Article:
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Looks yummy!

Another bastardized loaf today - white and light rye using the hybrid formula, all in one day (no overnight rise).

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German salami sandwich for lunch tomorrow (or maybe breakfast).


Edited by Kerry Beal (log)

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chefmd   

Did anyone try making black olive bread using Forkish method? That is my favorite bread ever. With nice high fat European butter and a glass of <insert beverage here>.

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teapot   

Anyone ever baked with Einkorn? It's a heritage grain (pre-dates wheat) that is being grown here in Washington. I'd never had it before but ground some berries in my spice grinder and used them in a Forkish-like levain bread (I followed technique but not formula). Crusted the loaf with bran. I also made his pain de campagne and some cultured Jersey cream butter. It was really really good.

bran-encrusted Einkorn sd.JPG

Einkorn crumb.JPG

einkorn, butter, pain de campagne.JPG

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Anna N   

In terms of time and effort expended it's hard to beat the Saturday Bread for taste and texture.

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teapot   

Has anyone tried the Forkish technique for pizza? It involves using the broiler to blast the preheated stone with radiant heat from the broiler, and using the broiler to finish the baking.

My broiler is an 18,000 BTU infrared broiler so it got a little too hot as you can see in the photo. But in subsequent bakes, I dialed back the time in the oven (5 minutes total bake time was all that it took). Unfortunately, the good-looking pizza got gobbled up before I could take photos :)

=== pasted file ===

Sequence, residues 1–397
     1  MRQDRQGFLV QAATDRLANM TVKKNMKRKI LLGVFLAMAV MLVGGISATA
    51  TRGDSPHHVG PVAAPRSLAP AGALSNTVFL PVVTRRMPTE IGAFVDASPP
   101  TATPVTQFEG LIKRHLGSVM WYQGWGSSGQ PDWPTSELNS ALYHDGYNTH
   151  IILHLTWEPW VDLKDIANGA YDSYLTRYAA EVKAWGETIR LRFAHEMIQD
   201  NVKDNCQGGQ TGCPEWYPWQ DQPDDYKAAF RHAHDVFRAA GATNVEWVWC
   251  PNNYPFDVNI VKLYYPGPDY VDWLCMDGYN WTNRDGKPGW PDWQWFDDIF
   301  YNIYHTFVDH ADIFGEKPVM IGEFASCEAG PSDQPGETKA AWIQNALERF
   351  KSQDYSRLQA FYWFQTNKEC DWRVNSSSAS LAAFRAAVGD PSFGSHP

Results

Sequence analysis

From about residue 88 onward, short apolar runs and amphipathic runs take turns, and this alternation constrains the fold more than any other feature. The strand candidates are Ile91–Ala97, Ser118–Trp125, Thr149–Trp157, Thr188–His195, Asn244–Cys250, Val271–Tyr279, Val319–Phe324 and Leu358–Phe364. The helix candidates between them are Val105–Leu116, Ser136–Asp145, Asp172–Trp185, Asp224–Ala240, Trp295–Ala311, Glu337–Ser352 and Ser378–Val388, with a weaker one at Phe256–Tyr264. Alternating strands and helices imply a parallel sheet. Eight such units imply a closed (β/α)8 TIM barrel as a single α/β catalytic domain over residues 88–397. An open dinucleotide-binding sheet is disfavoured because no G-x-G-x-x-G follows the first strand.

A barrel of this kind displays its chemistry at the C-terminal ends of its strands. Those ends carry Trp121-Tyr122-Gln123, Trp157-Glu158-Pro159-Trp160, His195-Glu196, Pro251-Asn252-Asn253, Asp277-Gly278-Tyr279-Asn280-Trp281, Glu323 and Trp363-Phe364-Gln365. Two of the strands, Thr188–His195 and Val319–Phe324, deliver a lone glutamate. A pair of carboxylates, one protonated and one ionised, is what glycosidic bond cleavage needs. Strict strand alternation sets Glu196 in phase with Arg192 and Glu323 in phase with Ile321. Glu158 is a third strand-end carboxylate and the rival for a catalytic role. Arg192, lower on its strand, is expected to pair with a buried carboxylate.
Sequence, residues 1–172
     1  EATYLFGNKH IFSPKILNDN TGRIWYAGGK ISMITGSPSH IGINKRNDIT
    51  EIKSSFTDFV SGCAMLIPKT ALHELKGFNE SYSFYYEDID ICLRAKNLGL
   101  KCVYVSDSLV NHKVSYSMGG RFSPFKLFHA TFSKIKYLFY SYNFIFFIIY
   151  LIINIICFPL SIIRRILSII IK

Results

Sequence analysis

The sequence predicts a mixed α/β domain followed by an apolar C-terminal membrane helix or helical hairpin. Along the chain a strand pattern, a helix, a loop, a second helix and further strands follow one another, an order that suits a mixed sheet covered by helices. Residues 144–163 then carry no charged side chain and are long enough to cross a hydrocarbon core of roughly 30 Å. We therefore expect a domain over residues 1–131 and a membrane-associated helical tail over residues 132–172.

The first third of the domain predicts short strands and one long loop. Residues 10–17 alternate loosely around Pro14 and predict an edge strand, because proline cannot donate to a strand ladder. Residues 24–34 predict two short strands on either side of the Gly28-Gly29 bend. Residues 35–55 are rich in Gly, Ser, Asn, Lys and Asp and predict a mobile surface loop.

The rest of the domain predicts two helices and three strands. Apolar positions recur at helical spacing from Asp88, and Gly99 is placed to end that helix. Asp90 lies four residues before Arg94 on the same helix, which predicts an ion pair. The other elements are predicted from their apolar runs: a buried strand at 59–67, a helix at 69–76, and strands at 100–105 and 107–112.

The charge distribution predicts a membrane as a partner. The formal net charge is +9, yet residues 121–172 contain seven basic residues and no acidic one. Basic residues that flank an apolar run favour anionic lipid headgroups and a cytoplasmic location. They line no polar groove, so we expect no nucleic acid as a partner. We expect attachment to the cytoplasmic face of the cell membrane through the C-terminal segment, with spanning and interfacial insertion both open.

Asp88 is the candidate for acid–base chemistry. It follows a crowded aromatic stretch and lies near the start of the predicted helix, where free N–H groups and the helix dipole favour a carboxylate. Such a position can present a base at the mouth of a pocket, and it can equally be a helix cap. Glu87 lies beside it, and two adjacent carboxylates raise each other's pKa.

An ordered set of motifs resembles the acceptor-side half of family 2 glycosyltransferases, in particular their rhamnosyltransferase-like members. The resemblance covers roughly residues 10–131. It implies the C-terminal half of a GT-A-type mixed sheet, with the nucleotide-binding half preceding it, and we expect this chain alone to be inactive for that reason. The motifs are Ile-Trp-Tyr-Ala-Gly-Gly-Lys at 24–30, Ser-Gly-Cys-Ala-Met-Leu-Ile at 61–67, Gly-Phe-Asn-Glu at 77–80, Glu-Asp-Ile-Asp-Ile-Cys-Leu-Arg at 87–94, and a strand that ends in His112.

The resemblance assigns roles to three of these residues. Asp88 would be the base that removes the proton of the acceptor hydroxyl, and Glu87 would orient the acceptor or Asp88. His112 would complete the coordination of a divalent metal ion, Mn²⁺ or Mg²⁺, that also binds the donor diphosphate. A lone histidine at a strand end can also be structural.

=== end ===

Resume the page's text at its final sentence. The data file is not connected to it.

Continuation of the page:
forkish pizza.JPG

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This is the same technique as the Modernist Cuisine folks, and I've been using it (with a baking steel) for months. Though it takes some adjusting to find that broiler sweet spot, if you take the time to heat up the stone/steel it works like a charm.

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Yeah - I haven't found the sweet spot yet. If the snow has melted sufficiently that I can get to my Big Green Egg tomorrow - I'm going to rescue my stainless sheet and bring it inside to try. I've not perfected it yet with the stone and the broiler.

But I've got pizza dough ready to go!

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Try doubling the preheat time for your stone. I found that I was unknowingly leaving it in too long bc the stone wasn't fully heated, not that the broiler was too hot. Good luck: if you have the time and ability to preheat a good two hours, it's a revelation.